While modernity has decreased the amount of physical contact people have with one another, it has allowed for individuals to sometimes reach millions of people without ever physically meeting them. The internet and various social networks such as Facebook have allowed for conversation to be instantaneous and communications to globally expand while a person does not even have to leave the comfort of his or her own home. This past year has seen a large number of political revolution around the world as a direct result of social media. The Occupy Wall Street Movement became successful by organizations posting videos on YouTube encouraging people to protest and soon after there were over one hundred Facebook pages related to Occupy Wall Street. The world also witnessed another series of revolutions known as the “Arab Spring” and watched social media updates and YouTube videos to see which government was being overthrown that day. Consequently, the government had tried to censor the internet in certain instances to squelch the movement’s message and communications. Both the Arab Spring and the Occupy Wall Street Movement became transnational revolutions due to modernity (as it pertains to technology and social networking.) Perhaps the social movements of this past year are happening with no greater frequency, but it just seems that way since people are constantly bombarded with internet news blurbs and status updates of people that might have a passing thought. Alternatively, it may very well be the greatest number of social movements around the world since people are able to spread their message through the interlocking network of the internet.
Modernity’s progression forward has taken shape in many forms and is often met with resistance. If one were to conduct a case study regarding this, file sharing websites would be the perfect model. At the turn of the millennium, Napster became the archetype free music sharing Internet service that altered the way music was produced and challenged conventional business practices of the music industry. While obscure musicians and small market artists might have found Napster great because it exposed them to a larger audience, many platinum selling acts condemned them for stealing their songs. Had Napster initially worked out a contract with the record companies where consumers paid for their download, there would have been less of a backlash from the music industry. Apple’s I-Tunes Store, LastFM.com, and Rhapsody are just a few of a multitude of successful websites that have millions of files downloaded yearly. Even though Napster was shut down by the courts due to copyright infringement, it showed that computer music files would replace the compact disc as the predominant choice to listen to music. Despite Napster being met with mixed reviews, the technological advancements of file sharing and software based music formats continue the line of modernity’s linear evolution until something will inevitably eclipse it.
Edward Said’s Orientalism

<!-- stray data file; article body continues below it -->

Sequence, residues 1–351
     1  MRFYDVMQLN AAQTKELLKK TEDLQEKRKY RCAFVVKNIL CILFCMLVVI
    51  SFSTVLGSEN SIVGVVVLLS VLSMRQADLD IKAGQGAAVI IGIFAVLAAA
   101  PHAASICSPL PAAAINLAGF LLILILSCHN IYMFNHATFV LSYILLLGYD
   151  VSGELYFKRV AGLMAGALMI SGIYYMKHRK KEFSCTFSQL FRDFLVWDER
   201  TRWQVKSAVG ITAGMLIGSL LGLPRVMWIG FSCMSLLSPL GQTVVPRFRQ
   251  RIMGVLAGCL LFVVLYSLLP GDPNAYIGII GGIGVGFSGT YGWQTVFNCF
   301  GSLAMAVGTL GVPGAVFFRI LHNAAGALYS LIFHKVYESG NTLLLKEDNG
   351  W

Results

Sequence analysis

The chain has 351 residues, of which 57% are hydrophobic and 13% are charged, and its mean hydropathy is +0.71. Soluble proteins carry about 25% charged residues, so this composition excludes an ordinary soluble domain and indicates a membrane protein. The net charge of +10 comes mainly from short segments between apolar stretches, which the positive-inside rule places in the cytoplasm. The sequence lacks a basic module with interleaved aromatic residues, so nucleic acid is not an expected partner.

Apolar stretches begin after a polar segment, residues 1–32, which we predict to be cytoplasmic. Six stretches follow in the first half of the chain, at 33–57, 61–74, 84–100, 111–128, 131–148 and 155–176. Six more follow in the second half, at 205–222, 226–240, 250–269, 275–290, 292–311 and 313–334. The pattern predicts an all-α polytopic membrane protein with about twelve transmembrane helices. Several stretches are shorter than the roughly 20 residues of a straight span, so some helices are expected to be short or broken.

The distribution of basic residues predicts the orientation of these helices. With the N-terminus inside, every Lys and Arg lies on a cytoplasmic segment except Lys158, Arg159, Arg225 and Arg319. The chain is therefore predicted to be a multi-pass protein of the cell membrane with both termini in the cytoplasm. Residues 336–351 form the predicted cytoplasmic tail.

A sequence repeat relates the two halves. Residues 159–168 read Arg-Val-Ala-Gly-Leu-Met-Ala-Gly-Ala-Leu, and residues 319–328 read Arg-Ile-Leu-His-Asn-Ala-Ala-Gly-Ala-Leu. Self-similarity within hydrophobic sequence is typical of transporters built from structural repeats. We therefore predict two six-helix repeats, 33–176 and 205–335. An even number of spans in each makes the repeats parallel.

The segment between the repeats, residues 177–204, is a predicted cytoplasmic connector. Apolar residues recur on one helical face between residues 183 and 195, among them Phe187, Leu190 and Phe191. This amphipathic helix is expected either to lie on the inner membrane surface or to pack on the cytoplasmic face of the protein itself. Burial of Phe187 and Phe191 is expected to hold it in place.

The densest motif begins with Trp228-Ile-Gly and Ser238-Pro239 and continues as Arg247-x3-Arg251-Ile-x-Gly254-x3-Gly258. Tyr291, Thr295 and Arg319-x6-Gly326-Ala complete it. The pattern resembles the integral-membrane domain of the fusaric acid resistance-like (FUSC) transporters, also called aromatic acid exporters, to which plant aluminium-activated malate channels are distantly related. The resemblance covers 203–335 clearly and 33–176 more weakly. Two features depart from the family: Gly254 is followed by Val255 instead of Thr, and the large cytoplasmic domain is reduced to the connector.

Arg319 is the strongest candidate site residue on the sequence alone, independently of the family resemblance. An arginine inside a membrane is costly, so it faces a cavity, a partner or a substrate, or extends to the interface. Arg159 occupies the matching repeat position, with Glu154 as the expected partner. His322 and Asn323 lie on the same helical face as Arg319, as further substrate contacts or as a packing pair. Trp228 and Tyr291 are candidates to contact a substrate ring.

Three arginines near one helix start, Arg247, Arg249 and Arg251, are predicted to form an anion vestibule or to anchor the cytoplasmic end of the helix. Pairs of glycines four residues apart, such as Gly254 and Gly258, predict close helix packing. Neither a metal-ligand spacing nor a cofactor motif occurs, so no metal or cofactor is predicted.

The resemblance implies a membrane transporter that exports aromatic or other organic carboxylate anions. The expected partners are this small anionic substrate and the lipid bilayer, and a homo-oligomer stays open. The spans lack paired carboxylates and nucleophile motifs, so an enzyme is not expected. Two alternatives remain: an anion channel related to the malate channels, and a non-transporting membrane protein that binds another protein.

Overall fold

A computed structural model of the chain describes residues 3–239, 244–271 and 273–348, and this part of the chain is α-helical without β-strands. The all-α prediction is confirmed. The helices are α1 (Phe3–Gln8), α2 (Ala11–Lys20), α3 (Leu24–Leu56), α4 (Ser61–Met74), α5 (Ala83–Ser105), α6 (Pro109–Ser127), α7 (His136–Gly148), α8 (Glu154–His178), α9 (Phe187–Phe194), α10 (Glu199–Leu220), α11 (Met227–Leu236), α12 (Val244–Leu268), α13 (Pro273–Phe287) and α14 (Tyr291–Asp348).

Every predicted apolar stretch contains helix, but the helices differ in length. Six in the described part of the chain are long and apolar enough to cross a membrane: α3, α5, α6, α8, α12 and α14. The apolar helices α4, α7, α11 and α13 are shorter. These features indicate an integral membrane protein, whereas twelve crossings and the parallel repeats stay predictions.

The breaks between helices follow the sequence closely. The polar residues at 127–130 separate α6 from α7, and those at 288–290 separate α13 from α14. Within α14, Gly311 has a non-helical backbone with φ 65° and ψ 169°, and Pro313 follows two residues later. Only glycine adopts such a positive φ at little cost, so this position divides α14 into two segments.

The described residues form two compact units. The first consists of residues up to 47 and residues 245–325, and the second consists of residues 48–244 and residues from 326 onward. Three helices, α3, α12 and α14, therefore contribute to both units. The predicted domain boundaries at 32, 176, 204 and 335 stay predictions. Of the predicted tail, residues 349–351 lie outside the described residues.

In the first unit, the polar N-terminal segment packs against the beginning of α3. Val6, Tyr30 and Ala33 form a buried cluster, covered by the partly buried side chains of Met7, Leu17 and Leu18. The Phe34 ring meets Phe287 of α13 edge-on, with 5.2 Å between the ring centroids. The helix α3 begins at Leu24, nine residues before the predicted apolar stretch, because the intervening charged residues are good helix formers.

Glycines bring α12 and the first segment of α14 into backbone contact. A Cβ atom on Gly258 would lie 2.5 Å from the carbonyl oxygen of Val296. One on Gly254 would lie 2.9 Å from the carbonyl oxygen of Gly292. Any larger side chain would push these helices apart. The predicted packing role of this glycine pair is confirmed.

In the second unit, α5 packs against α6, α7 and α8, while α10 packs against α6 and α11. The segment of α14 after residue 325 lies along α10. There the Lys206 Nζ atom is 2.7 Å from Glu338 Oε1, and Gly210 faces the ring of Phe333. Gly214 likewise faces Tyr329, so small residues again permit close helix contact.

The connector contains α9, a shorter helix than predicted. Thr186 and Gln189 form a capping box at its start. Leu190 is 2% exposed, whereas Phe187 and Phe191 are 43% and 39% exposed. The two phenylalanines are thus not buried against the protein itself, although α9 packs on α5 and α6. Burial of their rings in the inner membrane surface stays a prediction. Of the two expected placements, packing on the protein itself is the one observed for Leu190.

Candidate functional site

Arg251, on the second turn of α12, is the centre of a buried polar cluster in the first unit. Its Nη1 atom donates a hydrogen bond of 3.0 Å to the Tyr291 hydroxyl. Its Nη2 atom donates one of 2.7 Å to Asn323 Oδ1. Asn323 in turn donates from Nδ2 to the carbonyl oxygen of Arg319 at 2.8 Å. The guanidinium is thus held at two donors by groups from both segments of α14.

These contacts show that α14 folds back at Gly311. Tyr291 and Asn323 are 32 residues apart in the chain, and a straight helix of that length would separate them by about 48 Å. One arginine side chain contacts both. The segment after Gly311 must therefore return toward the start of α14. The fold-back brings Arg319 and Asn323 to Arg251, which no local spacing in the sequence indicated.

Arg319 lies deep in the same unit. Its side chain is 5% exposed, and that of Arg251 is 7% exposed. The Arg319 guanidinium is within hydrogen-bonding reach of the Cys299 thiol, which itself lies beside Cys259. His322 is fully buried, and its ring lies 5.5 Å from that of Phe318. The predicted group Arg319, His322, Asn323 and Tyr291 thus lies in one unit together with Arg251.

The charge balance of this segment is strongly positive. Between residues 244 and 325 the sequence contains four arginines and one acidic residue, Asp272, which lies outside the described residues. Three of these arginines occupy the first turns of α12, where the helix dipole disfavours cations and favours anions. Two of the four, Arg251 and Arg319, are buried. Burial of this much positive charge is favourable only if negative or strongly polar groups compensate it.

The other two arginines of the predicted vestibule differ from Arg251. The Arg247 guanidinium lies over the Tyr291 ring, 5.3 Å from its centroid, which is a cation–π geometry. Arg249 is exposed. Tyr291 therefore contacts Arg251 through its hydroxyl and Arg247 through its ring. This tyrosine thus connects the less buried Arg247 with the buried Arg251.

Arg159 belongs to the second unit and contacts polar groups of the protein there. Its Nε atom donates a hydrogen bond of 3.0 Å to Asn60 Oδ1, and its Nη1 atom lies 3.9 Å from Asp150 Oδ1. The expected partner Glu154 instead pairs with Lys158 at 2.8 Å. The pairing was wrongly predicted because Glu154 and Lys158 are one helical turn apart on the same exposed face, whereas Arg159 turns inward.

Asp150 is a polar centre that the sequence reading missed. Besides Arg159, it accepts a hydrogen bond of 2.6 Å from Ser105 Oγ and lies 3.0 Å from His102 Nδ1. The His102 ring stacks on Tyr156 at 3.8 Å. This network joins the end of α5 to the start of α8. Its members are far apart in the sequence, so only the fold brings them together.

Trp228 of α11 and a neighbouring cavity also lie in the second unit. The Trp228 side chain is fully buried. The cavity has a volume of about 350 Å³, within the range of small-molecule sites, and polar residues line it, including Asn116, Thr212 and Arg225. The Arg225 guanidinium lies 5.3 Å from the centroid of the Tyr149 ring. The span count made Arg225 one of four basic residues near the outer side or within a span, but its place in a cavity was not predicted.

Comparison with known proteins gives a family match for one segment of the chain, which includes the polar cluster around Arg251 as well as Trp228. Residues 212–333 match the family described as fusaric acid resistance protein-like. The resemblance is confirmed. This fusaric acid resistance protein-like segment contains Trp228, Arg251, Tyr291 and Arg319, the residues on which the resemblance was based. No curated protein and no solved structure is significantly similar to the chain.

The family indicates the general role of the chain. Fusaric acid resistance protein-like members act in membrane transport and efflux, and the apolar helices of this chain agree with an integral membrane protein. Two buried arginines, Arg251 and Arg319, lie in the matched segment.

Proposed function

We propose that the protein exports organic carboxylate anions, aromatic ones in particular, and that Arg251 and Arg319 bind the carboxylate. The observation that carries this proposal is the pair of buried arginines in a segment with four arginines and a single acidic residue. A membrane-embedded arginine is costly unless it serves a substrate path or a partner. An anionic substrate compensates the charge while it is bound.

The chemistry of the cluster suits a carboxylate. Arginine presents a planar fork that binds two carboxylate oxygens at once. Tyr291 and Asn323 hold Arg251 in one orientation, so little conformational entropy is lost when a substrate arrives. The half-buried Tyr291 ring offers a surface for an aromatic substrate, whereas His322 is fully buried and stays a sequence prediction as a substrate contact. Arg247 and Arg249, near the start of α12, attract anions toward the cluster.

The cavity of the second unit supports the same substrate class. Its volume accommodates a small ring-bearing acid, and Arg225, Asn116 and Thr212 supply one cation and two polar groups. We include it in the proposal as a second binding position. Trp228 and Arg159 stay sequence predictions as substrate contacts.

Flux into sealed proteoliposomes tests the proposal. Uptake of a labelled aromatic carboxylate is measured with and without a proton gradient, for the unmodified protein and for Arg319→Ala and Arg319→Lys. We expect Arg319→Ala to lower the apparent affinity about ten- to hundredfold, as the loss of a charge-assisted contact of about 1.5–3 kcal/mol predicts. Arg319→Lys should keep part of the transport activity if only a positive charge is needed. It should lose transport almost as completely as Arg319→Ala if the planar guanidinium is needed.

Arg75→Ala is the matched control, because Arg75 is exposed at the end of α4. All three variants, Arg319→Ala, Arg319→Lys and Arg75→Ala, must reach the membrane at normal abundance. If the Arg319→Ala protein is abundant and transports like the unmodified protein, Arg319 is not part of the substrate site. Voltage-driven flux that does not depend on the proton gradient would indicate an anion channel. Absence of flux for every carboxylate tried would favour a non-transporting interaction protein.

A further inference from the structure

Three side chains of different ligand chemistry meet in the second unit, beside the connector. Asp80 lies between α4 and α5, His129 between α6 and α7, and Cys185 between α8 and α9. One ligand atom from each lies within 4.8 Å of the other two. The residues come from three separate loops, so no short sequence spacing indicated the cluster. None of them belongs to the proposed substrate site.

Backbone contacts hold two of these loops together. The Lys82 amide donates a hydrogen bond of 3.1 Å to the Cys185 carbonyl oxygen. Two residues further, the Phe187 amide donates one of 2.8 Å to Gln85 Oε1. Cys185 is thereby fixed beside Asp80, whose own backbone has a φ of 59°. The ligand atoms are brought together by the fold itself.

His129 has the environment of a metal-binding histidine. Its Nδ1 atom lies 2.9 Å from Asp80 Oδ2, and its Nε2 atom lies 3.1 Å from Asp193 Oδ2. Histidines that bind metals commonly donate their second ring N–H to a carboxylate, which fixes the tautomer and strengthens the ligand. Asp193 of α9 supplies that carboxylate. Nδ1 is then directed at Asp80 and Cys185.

There might be a theoretical association between modernity and the Enlightenment regarding the spirit of social investigation, elevated thinking, and improving the world around us through scientific questioning. In other words, rational thinking (as a notion of the Enlightenment) can be considered a “modern” idea since the rational mind is capable of forming new ideas and creating efficiency. Paradoxically, someone who is viewed as thinking irrational and ultimately not efficient is then not modern. This is where the concept of the mind fits into the vernacular of modernity. Bauman asserts that “with the Enlightenment came the enthronement of the new deity, that of Nature, together with the legitimation of science as its only orthodox cult, and of scientists as its prophets and priests. He goes on to say that “everything in principle had been opened to objective inquiry; everything could, in principle, be know-reliably and truly.” The majority of people subscribe to the idea that the Enlightenment changed the dogma of the world (or at least in Europe) from a mass population that accepted what they were told by literate religious leaders to a learned group of people that were rational and could achieve truth on their own through scientific inquiry. According to Antonio Gramsci, these ecclesiastical elites held a monopoly over most areas in society that perpetuated an “uninterrupted historical continuity” that cemented them as the “dominant social group.” It was not until the Enlightenment that these societal norms were questioned. Consequently, the language surrounding the Enlightenment began to use words like rational, progressive, and intelligent while terms like backward, static, and unscientific became associated with people or areas of the world that did not fully advocate Enlightenment ideology. There is a strong almost inherent tendency by certain people to dismiss others as superstitious if they display “traditional” cultural practices such as making the sign of the cross when passing a Church. Others might knock on wood, throw salt over their shoulder, or spit on the ground. The idea is that a rational person knows that knocking on wood will do little to keep their luck or keep them safe from harm. This generalizing becomes more dangerous when it begins to label enormous amounts of people as backward and static. Edward Said’s groundbreaking book Orientalism chronicles the history of how the West (Great Britain, France, United States) intentionally wrote a distorted history of the East (Africa, Asia, Middle East, etc.) to justify their imperial conquest in that the progressive hand of the West needed to civilize the backward East. As a result, people have an altered perception of the East which manifests itself in almost all aspects ranging from film to opinions. For example, people in America often say that the Middle East is stuck in the Stone Age or simply refer to the people as “they.” It might be wise to call the Enlightenment the European Enlightenment since it was an intellectual scientific movement that occurred in a particular time and area in history. This distinction is significant for three reasons. First is that other parts of the world (many in East) experienced similar intellectual and scientific movements prior to Europe’s. Secondly, it challenges the notion that both West and East are large homogeneous monolithic entities. Thirdly, it shows that modernity is not something only unique to the West. Modernity is by definition progressive since it is always looking to improve but it is extremely important to point out that what it replaces is not backward but rather a past idea that is part of an ever evolving chain of advancement. It is also meaningful to note that modernity’s forward progression does not necessarily mean that it has a positive effect. Again, modernity is a malleable term which almost unavoidably creates both favorable and adverse results.Tzvetan Todorov’s The Conquest of America: The Question of the Other